MLperf performance report as of December 2020

In AMD, Inferencing, Intel, MLperf, NVIDIA, Training by AdministratorLeave a Comment

This Storage Intelligence (StorInt™) dispatch covers the MLperf™ series of AI-ML-DL HPC suite, model training and model inferencing benchmarks , a first for us. We will try to report on the HPC suite in a future performance report but for this report we will focus on MLperf training and inferencing benchmarks. Reference versions of all models used in MLperf benchmarks are available on GitHub (

We start our discussion with MLperf model training benchmark results.

MLperf v0.7 training benchmark results

The MLperf v0.7 training series of benchmarks takes standard AI Deep Learning models and trains them on various hardware & software configurations until they reach a certain level of accuracy (say 75% object classification, 50%-win rate, etc.) using a standard data set and model architecture.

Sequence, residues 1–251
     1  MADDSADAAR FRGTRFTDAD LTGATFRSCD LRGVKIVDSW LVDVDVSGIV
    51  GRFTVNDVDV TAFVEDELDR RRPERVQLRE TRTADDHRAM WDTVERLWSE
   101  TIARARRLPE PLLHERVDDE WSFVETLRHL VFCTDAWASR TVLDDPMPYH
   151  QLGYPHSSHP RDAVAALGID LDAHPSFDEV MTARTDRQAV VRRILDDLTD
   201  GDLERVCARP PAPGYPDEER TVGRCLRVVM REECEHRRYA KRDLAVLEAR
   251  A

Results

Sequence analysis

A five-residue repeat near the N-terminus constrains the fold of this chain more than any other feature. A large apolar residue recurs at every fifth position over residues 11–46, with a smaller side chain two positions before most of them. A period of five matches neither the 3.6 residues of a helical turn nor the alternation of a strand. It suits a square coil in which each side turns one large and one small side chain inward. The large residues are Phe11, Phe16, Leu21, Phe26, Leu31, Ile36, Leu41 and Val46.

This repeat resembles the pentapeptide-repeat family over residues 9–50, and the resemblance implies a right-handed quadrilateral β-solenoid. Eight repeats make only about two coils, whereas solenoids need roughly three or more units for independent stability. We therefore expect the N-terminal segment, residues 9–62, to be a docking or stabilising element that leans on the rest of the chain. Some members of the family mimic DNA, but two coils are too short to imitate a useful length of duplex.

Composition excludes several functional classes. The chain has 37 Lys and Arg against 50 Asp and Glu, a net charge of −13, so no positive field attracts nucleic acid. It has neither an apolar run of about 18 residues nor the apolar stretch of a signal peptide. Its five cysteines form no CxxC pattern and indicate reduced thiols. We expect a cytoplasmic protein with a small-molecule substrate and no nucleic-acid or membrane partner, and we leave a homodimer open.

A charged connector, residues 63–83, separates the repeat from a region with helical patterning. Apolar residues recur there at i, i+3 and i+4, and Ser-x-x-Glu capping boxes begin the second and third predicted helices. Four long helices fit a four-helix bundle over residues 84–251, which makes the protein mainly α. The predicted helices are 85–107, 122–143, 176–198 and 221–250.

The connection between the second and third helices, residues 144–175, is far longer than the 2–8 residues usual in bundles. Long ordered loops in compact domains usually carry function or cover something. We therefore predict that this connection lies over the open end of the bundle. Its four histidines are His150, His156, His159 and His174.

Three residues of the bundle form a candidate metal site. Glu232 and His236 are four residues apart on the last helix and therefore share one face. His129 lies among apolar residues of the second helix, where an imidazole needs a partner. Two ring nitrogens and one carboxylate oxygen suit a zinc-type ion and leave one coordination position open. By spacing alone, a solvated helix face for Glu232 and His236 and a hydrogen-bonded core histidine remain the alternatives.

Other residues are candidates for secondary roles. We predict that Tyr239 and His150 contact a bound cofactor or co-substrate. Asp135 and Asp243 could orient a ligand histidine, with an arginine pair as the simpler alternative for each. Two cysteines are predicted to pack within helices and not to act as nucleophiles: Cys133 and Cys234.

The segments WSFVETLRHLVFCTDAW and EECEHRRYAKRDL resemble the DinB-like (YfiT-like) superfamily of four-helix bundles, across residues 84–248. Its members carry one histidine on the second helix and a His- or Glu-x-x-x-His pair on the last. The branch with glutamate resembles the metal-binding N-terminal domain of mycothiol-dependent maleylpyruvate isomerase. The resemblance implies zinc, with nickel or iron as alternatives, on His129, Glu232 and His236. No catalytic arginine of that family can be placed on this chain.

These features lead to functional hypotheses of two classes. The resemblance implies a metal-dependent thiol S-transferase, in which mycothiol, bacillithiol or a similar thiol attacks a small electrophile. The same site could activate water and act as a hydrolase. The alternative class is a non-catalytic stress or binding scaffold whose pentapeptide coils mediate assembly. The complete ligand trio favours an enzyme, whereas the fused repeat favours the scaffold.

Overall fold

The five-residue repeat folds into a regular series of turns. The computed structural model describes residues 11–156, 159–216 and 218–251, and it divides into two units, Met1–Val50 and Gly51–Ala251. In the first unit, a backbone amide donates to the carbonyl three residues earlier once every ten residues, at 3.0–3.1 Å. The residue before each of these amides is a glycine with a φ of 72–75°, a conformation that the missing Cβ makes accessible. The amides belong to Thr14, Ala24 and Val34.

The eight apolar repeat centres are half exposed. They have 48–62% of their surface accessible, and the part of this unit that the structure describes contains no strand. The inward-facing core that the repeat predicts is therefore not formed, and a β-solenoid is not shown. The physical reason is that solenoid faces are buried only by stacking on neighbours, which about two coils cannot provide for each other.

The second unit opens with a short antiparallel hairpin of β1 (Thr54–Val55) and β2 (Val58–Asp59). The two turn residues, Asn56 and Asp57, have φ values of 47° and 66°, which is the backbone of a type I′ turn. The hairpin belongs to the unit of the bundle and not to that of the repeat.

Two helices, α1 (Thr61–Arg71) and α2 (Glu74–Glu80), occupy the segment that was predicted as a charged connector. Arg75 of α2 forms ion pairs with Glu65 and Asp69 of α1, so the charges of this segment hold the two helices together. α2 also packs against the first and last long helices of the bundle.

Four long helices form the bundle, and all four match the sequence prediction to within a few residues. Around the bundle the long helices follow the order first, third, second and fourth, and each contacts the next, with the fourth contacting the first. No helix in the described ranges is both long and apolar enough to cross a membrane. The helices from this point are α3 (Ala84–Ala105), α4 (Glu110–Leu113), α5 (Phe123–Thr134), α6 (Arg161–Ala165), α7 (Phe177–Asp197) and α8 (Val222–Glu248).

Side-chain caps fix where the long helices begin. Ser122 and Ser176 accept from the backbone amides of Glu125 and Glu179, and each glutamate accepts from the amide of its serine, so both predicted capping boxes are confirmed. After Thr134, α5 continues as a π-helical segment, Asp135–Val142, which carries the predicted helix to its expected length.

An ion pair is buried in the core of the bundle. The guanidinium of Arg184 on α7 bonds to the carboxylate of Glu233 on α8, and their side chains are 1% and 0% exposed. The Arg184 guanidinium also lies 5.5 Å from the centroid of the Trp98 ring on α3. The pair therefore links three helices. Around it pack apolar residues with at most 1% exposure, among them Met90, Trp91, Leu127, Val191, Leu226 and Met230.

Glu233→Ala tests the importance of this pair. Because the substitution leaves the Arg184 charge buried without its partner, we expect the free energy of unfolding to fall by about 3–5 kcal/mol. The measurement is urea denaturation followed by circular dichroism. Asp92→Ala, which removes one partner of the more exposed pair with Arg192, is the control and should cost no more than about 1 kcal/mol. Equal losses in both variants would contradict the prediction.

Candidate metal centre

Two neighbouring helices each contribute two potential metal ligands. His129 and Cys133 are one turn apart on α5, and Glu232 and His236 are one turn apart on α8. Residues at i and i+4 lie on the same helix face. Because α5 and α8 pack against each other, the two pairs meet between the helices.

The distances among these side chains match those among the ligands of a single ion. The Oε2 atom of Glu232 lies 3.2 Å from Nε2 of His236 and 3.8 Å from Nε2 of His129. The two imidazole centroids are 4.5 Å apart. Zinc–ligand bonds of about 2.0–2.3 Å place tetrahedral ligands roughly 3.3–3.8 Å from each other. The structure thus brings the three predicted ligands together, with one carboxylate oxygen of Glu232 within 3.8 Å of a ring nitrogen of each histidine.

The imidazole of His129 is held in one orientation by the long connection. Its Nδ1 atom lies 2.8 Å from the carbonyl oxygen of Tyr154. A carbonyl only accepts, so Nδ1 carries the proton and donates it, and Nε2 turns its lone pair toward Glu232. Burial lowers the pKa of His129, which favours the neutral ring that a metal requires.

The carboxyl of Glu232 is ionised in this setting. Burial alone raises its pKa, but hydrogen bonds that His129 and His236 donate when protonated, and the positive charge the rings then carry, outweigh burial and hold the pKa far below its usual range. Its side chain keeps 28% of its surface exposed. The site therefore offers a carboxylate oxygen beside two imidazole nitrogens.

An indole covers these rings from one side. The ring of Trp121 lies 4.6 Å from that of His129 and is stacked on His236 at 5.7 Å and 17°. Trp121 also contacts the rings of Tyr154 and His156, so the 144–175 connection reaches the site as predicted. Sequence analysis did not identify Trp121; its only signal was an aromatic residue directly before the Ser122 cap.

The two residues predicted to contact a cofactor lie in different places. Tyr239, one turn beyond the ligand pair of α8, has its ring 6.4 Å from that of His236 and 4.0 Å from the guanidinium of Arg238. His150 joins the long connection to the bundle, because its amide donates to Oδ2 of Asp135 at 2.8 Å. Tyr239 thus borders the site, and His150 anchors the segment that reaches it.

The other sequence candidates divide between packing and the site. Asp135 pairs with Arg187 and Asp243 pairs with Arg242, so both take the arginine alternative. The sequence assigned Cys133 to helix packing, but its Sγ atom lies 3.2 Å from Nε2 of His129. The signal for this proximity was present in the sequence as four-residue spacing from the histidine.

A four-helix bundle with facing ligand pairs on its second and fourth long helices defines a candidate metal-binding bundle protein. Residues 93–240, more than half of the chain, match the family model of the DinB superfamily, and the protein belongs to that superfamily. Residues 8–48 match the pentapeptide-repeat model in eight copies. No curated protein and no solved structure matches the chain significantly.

There are 8 separate training models in use including image classification (ImageNet-ResNet), object detection (COCO-SSD & COCO-Mask R-CNN), translation (WMT EG-NMT & WMT EG-Transformer), NLP (Wikipedia BERT[1]), Recommendation (1TB clickthrough-DLRM) and Reinforcement learning (MiniGO).

Also for training performance, MLperf has 4 different categories of submissions: in the cloud, on prem, preview and research. We report solely on the on prem results.

We start our discussion with the image classification benchmark results (ImageNet-ResNet), in Figure 1.

Figure 1 Top 10 MLperf v0.7 Training Results ImageNet-ResNet results

In Figure 1 (lower is better for training time), NVIDIA solutions took the top 4 slots, and for the top 3 used A100 GPUs. The #1 submission from NVIDIA trained in 0.8minutes and the #10 submission from Inspur trained in 33.4 minutes .

There are many variables in the configurations of the top 10 systems in Figure 1. However, we can take software out of the picture, as all the ImageNet-ResNet submissions used Apache MXNet modeling software.

We have summarized some hardware configuration variables in the table.

In the table, we shaded the two rows where the submissions had 8 GPUs/CPU core, all of the rest of the top 10 used 4 GPUs/CPU core. When we examine the table, a couple of performance insights emerge: